|EoE Patient Education Toolkit|
|Insurance Coverage of Medical Foods|
|Handout for Grade School Classmates|
|All About EoE Video|
|Videos and Webinars|
|Clinical Trials for EoE|
What are the symptoms?
Symptoms of EoE may vary from one individual to the next and may differ depending on age. Infants and toddlers often refuse their food or have trouble growing properly. School-age children may have recurring abdominal pain, trouble swallowing, or vomiting. Adolescents and adults most often have difficult or painful swallowing. Their esophagus may narrow and cause food to become stuck (impaction), causing a medical emergency.
Symptoms also may vary given the developmental ability and communication skills of the age group affected.
Common symptoms include:
Reflux that does not respond to medication (acid suppressors) – infant, child, adult
Difficulty swallowing – child, adult
Food impactions (food gets stuck in the esophagus) – older children, adult
Nausea and Vomiting – infant, child, adult
Failure to thrive (poor growth, malnutrition, or weight loss) and poor appetite – infant, child, rarely adult
Abdominal or chest pain – child, adult
Feeding refusal/intolerance or poor appetite – infant, child
Difficulty sleeping due to chest or abdominal pain, reflux, and/or nausea – infant, child, adult
What causes eosinophilic esophagitis?
While the exact cause of EoE is not yet known, the general belief is that it’s typically caused by an immune response to specific foods. Many patients with EoE have food or environmental allergies. Researchers have identified a number of genes that play a role in EoE. These pathways may provide new direction to diagnose, monitor and treat EoE in the future.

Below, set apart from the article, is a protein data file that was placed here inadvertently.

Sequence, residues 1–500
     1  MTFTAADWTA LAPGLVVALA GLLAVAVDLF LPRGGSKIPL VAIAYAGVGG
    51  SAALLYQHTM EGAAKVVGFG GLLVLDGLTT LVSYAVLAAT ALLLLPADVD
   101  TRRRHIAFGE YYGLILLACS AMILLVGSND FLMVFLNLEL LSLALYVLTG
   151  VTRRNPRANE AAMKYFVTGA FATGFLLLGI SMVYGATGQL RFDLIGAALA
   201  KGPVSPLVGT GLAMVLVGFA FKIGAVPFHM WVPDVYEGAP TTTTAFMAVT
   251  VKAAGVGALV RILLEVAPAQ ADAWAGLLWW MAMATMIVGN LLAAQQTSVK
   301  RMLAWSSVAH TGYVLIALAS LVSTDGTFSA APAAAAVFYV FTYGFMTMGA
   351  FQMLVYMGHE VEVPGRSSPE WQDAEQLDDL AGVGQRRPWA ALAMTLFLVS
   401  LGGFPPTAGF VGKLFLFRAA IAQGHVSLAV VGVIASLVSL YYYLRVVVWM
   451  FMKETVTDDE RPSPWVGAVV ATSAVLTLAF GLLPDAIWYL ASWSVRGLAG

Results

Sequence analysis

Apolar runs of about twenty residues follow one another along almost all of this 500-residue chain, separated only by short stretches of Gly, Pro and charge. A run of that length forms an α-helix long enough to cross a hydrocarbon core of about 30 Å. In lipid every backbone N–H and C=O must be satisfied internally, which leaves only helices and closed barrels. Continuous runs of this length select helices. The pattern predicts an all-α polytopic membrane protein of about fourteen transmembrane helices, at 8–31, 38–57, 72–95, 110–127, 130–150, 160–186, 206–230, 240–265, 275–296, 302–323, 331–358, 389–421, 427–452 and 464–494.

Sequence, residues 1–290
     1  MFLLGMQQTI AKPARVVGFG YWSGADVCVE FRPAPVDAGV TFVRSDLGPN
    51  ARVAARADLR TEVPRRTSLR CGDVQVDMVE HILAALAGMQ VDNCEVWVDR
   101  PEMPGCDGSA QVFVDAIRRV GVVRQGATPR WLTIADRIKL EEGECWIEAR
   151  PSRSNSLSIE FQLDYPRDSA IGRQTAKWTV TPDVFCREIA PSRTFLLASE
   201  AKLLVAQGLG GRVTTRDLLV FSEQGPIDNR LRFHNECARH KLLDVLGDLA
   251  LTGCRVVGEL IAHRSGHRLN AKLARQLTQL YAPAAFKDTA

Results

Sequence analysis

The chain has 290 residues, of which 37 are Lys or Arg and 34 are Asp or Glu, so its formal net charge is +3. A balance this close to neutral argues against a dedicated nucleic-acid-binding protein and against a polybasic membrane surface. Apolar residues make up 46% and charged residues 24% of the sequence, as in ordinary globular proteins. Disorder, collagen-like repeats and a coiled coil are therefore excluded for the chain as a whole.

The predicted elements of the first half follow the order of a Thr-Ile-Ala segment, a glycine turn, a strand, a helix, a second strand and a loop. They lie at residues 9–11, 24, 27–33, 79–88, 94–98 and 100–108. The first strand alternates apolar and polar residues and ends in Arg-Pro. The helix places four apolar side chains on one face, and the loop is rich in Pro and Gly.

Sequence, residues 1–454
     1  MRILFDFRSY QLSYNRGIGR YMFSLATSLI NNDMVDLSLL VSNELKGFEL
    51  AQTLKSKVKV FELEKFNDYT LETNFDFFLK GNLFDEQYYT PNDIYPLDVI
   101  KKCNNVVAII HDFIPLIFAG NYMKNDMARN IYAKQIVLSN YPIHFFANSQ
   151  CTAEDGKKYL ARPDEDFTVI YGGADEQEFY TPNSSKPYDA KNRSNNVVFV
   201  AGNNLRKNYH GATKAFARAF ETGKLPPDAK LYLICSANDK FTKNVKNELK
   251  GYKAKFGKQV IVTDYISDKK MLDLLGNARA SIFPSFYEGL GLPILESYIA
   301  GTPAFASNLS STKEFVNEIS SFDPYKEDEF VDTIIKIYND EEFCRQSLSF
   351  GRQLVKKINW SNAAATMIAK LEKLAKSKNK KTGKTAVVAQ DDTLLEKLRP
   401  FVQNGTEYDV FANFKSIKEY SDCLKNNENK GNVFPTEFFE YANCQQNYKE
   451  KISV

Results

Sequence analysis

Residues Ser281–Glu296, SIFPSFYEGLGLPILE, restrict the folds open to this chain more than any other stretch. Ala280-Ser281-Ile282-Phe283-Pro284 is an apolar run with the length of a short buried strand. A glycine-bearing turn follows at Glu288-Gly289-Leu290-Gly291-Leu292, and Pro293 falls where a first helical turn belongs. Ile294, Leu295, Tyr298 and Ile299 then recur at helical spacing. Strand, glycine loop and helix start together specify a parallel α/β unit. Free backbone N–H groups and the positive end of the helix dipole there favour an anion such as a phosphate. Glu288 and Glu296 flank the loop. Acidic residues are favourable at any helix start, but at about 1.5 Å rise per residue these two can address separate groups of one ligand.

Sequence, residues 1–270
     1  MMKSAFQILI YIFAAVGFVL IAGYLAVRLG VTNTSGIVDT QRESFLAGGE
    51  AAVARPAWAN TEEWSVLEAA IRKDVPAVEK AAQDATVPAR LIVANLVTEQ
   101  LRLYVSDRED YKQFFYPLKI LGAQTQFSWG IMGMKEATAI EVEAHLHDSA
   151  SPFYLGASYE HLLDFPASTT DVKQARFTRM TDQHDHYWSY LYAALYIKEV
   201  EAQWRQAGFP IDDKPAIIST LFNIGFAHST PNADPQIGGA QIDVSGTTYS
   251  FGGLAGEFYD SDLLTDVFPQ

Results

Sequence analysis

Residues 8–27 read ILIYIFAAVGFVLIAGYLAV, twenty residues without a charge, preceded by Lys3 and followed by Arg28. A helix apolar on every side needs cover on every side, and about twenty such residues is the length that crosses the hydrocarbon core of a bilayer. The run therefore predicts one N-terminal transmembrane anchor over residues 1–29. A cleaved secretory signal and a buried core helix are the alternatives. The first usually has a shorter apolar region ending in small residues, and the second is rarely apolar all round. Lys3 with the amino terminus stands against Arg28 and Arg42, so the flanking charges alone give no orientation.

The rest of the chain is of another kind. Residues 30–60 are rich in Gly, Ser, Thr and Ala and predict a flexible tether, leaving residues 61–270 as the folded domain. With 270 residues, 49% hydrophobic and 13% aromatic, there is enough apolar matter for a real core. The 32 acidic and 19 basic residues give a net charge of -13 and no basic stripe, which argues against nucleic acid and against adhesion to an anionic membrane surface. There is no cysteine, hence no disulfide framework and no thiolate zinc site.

Who is affected?
EoE is a recognized disease that is now increasingly diagnosed in children and adults. Eosinophilic esophagitis is a rare disease, but increasing in prevalence with an estimated 1 out of 2,000 people affected. EoE affects people of all ages and ethnic backgrounds. While both males and females may be affected, a higher incidence is seen in males. People with EoE commonly have other allergic diseases such as rhinitis, asthma, and/or eczema. Certain families may have an inherited tendency to develop EoE.
How is eosinophilic esophagitis diagnosed?
A gastroenterologist must evaluate a patient for the symptoms consistent with eosinophilic esophagitis, taking a careful history. Since EoE can mimic other conditions, more common diseases such as gastroesophageal reflux disease (GERD) must first be ruled out.
A doctor will perform an upper endoscopy. During this procedure, the patient is sedated or put under anesthesia, and a small tube called an endoscope is inserted through the mouth. The esophagus, stomach, and the first part of the small intestine are examined for tissue injury, inflammation and thickening of the esophageal wall. Small tissue samples are taken (biopsy). This procedure is typically not uncomfortable and may be done on an outpatient basis.
A pathologist will analyze the tissue samples under a high-powered microscope to see the small cell structures. If eosinophils are present in the sample, the pathologist will count how many are visible. A count of 15 or more eosinophils per high-powered microscopic field is highly suggestive of EoE.
A patient may have EoE even if the esophagus looks normal during the endoscopy. The biopsies will help in making an accurate diagnosis. Endoscopy with the biopsies is the only reliable method of diagnosing EoE at this time, although promising research for less invasive diagnostic and monitoring is currently underway.
How is eosinophilic esophagitis treated?